Will amnesty for Russian war crimes be the price of a Ukraine truce?
The evidence of Russian war crimes in Ukraine is piled high, but many wonder whether prosecution of those responsible, including Russian Federation President Vladimir Putin, will ever be possible. In fact, offering potential perpetrators amnesty from war crimes may be a controversial part of a future peace agreement, say experts.
“Amnesty provisions in peace agreements are almost invariably controversial, with many critics seeing them as rewards for aggression,” writes Cesar Jaramillo, an expert on armed conflict and head of Project Ploughshares. “While such criticisms are valid, it is important to acknowledge that some level of amnesty has proven to be a necessary trade-off to achieve successful negotiations.”
One recent example is the inclusion of amnesty provisions in the Colombian peace process between the government and the Revolutionary Armed Forces of Colombia (FARC). Critics argued that granting amnesty to individuals involved in grave human rights violations would undermine justice and accountability, notes Jaramillo.
Last week, UN Special Rapporteur on Torture Alice Jill Edwards said she was alarmed by “reports and testimonies” of the widespread use of torture by Russian forces in Ukraine, which could indicate that the severe abuse of Ukrainian prisoners of war and civilians is “state-endorsed” by Moscow.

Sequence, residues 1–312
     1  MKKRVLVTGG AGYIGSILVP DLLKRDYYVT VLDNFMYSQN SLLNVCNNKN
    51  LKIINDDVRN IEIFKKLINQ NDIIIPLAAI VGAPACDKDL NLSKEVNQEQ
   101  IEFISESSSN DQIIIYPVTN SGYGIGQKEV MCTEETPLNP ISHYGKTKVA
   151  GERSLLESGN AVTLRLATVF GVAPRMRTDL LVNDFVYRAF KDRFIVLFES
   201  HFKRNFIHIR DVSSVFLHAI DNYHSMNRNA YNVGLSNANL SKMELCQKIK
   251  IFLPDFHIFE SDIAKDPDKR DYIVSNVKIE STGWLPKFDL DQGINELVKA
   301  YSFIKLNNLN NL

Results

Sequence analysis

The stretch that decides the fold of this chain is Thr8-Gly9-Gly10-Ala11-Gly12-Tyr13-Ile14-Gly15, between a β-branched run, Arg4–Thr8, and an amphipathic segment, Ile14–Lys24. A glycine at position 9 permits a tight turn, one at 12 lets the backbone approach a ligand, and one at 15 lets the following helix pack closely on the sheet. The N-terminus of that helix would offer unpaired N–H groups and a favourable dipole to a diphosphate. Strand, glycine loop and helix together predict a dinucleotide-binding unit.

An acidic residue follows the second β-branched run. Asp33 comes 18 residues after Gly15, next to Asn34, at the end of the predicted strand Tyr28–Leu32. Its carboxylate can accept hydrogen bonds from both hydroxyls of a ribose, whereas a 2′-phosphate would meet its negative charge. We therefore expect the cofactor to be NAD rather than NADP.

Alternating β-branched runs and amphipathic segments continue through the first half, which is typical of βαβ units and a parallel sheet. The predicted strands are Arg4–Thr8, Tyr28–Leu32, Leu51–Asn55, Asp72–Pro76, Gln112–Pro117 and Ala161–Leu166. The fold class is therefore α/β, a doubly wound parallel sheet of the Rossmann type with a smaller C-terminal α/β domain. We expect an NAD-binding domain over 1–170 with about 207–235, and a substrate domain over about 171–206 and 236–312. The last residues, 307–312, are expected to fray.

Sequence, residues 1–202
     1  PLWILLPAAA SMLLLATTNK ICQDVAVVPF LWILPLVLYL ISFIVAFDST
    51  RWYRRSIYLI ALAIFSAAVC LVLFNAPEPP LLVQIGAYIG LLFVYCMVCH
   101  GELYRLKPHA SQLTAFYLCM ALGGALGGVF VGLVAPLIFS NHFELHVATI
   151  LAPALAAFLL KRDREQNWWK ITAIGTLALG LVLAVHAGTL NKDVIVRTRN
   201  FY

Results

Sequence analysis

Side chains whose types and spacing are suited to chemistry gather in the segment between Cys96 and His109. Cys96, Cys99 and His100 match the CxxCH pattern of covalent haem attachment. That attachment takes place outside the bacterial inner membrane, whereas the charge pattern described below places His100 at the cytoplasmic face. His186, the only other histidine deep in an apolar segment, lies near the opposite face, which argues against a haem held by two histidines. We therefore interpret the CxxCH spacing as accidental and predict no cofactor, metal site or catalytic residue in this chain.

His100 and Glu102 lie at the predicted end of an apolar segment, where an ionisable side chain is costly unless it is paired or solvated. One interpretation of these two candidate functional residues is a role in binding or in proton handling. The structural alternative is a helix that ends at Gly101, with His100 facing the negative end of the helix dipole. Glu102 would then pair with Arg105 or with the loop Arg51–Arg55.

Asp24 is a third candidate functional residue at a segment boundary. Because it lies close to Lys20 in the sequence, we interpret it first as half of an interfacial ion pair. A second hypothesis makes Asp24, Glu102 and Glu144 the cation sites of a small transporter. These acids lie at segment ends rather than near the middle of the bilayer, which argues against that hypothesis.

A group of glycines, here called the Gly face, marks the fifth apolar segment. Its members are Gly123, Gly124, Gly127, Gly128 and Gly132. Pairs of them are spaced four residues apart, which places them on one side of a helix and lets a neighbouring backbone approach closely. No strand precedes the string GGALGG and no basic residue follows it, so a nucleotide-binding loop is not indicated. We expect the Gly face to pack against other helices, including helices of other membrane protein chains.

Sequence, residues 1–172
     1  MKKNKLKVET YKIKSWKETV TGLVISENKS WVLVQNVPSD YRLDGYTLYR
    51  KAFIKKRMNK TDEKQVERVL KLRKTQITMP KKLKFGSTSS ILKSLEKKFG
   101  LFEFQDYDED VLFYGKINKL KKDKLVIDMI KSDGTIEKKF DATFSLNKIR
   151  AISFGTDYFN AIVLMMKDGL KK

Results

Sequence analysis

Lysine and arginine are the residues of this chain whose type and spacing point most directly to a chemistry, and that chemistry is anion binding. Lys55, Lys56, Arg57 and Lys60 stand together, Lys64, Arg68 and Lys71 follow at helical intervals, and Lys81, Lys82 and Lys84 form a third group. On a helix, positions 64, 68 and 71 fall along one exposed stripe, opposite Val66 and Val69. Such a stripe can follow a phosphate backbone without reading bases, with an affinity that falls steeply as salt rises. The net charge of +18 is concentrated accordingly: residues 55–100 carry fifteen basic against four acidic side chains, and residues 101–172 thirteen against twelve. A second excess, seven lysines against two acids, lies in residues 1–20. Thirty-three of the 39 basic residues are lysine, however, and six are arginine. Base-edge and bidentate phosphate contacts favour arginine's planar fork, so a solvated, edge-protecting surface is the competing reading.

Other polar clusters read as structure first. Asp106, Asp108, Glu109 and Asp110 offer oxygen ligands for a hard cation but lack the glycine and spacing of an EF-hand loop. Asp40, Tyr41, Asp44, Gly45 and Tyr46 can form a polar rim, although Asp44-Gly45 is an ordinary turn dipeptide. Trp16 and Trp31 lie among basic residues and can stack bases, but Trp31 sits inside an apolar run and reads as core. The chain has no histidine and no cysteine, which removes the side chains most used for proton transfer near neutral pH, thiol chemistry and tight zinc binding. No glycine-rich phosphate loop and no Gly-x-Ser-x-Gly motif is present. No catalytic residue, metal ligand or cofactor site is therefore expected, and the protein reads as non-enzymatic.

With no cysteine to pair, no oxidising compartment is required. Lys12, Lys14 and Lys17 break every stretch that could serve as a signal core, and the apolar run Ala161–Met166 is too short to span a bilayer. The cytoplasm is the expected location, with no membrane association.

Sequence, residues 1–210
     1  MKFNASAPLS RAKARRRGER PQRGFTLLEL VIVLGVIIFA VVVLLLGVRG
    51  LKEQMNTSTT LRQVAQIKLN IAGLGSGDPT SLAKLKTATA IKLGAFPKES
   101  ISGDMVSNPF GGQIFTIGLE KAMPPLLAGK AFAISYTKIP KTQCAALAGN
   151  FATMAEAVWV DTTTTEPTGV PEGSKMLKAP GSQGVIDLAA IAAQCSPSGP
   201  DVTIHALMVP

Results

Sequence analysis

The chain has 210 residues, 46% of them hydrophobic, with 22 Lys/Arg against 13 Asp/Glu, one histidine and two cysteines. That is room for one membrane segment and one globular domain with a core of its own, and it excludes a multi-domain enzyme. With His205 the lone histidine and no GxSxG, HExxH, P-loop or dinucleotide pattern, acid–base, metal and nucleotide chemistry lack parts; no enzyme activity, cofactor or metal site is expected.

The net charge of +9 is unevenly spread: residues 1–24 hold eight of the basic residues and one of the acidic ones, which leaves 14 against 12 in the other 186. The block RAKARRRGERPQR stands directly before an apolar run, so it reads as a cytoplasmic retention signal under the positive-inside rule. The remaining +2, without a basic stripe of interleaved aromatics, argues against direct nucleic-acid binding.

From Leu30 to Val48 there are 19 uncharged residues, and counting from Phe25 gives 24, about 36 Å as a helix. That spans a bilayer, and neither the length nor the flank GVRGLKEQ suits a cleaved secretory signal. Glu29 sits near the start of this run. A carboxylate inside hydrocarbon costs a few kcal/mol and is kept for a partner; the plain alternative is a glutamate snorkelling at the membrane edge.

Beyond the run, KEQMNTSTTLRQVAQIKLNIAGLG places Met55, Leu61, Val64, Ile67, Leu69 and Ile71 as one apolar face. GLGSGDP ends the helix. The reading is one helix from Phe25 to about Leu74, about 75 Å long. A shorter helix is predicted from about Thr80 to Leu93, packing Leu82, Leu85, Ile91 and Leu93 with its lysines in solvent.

Her report adds fuel to the fire of war crime allegations against Russia following the International Criminal Court issuing a warrant for the arrest of President Putin for alleged responsibility for “the war crime of unlawful deportation of population (children) and that of unlawful transfer of population (children) from occupied areas of Ukraine to the Russian Federation”.
But Jaramillo and others say that a negotiated settlement is the only way to avoid terrible casualties and deaths from the conflict, including the potential to drag in other countries or the use of nuclear weapons.
“The likelihood of either side in this brutal war ever being in a position to dictate settlement terms to the other is remote, and that means negotiations are inevitable,” writes Ernie Regehr in The Hill Times this week.
“There have been calls for the prosecution of individuals, including Russian president Vladimir Putin, for war crimes. But the pursuit of this form of justice, at this time, could well render a negotiated settlement impossible. Instead, a pragmatic measure of amnesty might be necessary,” adds Jaramillo.
- Read “Ukraine needs a peace plan – and someone to champion it” by Cesar Jaramillo, published by Project Ploughshares on June 20, 2023
(Cover: Crosses are seen at a forest grave site after an exhumation in the town of Izium, recently liberated by Ukrainian forces, in the Kharkiv region, Ukraine. Via Shutterstock)